On the run: fun in the sun at Great Dunmow parkrun
- Credit: Archant
Athletics correspondent Carl Marston is travelling around the region (and beyond!), running in different parkruns. This week he heads to Great Dunmow
The Great Dunmow parkrun is one of the “youngest” of all the 532 parkruns in the UK, hosted by one of the oldest market towns in the region.
Last Saturday, blessed with hot sunshine, a Royal Wedding and an FA Cup Final, featured only the sixth staging of the Great Dunmow event since its inception on April 14, 2018.
I took the direct route, from my home in Bury St Edmunds, rather than the faster alternative along the A14 and M11, so that I could wind my way through such East Anglian gems as Steeple Bumpstead, Finchingfield and Great Bardfield, all of whom sound so very Old English.
Great Dunmow itself, translated as the ‘Meadow on the Hill,’ is home to many buildings dating back to the Middle Ages.
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It has been home to the parkrun, though, for just six weeks, staged from near Dourdan Pavilion on the Recreation Ground.
The course is fairly unspectacular, but is a quick one now that the ground has dried out, especially if you end up being chased by a dog, which happened to me for a short section.
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I didn’t mind it – the canine companion urged me on to a faster time!
As often seems to be the case, the inaugural event attracted a big field and has yet to be matched.
A total of 261 lined up at the start-line for the first event, next to the skate park on the Recreation Ground, with 23 volunteers in attendance.
And as is the ‘norm, at the birth of a new parkrun, the ‘parkrun tourists’ tend to make a beeline for the fresh venue to add it to their ‘been there, done that’ list.
Looking through the results of that first meeting, I spotted Poole AC’s over-70 veteran, Rex Troop (369 parkruns), Cambridge Tri Club’s Sarah Chamberlain (288) and Stephen Tarrant (300) all in attendance.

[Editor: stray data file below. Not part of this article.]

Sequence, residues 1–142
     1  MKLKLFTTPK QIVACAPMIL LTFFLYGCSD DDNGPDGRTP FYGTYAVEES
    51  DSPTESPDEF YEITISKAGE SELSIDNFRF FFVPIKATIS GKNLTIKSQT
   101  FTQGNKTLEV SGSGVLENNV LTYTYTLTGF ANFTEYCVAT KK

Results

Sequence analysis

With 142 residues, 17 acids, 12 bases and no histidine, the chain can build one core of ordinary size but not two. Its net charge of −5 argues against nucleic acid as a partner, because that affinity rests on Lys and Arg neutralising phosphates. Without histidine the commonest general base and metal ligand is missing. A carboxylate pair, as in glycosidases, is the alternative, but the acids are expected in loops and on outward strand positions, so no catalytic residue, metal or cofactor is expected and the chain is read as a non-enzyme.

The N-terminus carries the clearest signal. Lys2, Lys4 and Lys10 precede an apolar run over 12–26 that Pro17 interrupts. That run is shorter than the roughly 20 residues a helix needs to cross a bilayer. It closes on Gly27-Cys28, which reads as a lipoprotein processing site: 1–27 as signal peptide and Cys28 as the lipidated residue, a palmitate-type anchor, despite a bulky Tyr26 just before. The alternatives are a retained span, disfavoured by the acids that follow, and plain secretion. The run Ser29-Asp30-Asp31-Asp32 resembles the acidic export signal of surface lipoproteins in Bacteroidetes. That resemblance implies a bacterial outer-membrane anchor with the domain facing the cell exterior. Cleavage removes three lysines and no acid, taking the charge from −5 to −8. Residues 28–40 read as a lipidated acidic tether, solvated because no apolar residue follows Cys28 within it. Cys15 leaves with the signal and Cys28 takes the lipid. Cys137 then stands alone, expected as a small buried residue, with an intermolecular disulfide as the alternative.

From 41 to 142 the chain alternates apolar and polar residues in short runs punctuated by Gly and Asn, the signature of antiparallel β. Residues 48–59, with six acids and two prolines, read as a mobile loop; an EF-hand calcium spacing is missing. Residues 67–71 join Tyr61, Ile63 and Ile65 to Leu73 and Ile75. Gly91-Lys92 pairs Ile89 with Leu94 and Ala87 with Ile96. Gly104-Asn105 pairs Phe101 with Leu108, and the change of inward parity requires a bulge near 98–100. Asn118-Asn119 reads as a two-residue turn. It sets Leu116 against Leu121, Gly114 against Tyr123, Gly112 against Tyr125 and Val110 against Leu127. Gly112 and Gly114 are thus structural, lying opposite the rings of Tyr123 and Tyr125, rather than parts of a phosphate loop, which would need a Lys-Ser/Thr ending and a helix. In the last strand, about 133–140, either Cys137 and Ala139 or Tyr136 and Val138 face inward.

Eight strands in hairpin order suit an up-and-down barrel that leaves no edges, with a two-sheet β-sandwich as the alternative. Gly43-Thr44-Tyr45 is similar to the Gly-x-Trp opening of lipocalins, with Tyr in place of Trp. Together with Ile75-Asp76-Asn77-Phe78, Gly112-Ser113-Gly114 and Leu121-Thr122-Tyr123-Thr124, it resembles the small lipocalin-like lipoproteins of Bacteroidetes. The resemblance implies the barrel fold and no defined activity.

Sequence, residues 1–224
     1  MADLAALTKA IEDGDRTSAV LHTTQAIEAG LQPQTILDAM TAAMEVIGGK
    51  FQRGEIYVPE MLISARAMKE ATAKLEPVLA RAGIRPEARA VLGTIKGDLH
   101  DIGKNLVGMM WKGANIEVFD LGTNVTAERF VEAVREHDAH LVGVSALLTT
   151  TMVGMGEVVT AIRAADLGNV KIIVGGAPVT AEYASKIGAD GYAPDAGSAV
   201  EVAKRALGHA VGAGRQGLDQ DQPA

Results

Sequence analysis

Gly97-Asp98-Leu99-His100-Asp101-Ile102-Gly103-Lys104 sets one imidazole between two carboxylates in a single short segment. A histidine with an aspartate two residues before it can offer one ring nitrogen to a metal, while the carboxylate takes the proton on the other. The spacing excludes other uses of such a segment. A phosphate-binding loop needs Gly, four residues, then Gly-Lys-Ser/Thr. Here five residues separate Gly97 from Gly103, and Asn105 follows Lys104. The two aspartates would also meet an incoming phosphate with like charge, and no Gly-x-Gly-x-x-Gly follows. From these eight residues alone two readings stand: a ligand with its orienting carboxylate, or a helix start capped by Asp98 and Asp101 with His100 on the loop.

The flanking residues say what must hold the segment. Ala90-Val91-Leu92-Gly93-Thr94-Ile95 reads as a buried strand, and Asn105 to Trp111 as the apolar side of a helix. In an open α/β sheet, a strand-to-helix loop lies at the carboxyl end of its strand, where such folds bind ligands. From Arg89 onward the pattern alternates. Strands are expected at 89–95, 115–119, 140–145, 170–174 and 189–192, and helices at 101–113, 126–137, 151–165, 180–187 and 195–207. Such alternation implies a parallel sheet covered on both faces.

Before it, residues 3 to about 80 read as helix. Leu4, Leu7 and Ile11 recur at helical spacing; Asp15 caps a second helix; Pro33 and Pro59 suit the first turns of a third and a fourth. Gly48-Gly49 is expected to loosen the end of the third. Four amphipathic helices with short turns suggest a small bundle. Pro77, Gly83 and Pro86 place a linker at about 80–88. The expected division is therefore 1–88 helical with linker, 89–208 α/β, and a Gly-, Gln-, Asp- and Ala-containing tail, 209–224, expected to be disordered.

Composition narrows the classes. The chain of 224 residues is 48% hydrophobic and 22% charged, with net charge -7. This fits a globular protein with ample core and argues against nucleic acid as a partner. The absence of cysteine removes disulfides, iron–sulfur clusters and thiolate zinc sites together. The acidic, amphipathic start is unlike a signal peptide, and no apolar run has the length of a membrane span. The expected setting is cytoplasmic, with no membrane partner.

And the previous weekend before I turned up, Paul Freyne, who has the distinction of rattling up the second highest number of different parkrun events (currently on 350), clocked up his 349th at Great Dunmow.
Course-wise, it is a one-and-a-half lap route on grass and trail paths, kicking off with a stretch around football pitches and then following a small river to a (very) narrow footbridge, through an orchard and up to the top fields to begin lap two.
Follow the cones, and you can’t really go wrong.
Last Saturday’s results
Tim Cheshire, an over-40 veteran, led home a field of 172 in a time of 18mins 23secs on Saturday. It was his 84th parkrun.
He was exactly a minute clear of runner-up Danny Beazley (19:23), a member of nearby Bishop’s Stortford who was notching up his 138th parkrun.
First lady, and third overall, was Chelmsford AC’s Sally Judd in a time of 19:45, which broke the female course record previously held by Elizabeth Bellinger (21:07) from week three.
Octavia Singleton was the second female in 21:56, followed by Suzanne Annis (23:25). Further down the field Neil Chapman (The Stragglers) clocked up his 450th parkrun, a notable achievement.
There have been six different first-placed finishers in the six events to date.
Crispian Bloomfield, a familiar face at road races and parkruns across Essex, clocked a cracking 16:41 at the fourth event, from two weeks ago. That time might stand for quite a while. In fact, as yet, Bloomfield, of Billericay Striders, is the only runner to cover the 5K distance faster than 18 minutes.
I will remember this for the friendly dogs, the narrow footbridge, and also being overtaken by a member of the successful Judd family (though not international star Jessica Judd) in the final few metres.
Most dogs roam free off their leads on the Recreation Ground – being a dog-owner myself, I approve – and it was quite amusing to be tracked for some of the way (only 100 yards or so) by an enthusiastic Terrier.
Such impromptu meetings keep you on your toes.
The footbridge, which you encounter on the longer first lap, might create a bottleneck at certain events. It is very narrow, with runners/joggers/walkers approaching from both sides, but I don’t think it will be much of a problem at Great Dunmow. Fields aren’t too big, and the spirit of the parkrun reigns supreme.
I actually repeated my sub-20-minute time of the previous weekend, from Maldon Prom. In fact, I went precisely one second quicker, perhaps helped by being over-taken by the leading lady in the last few metres.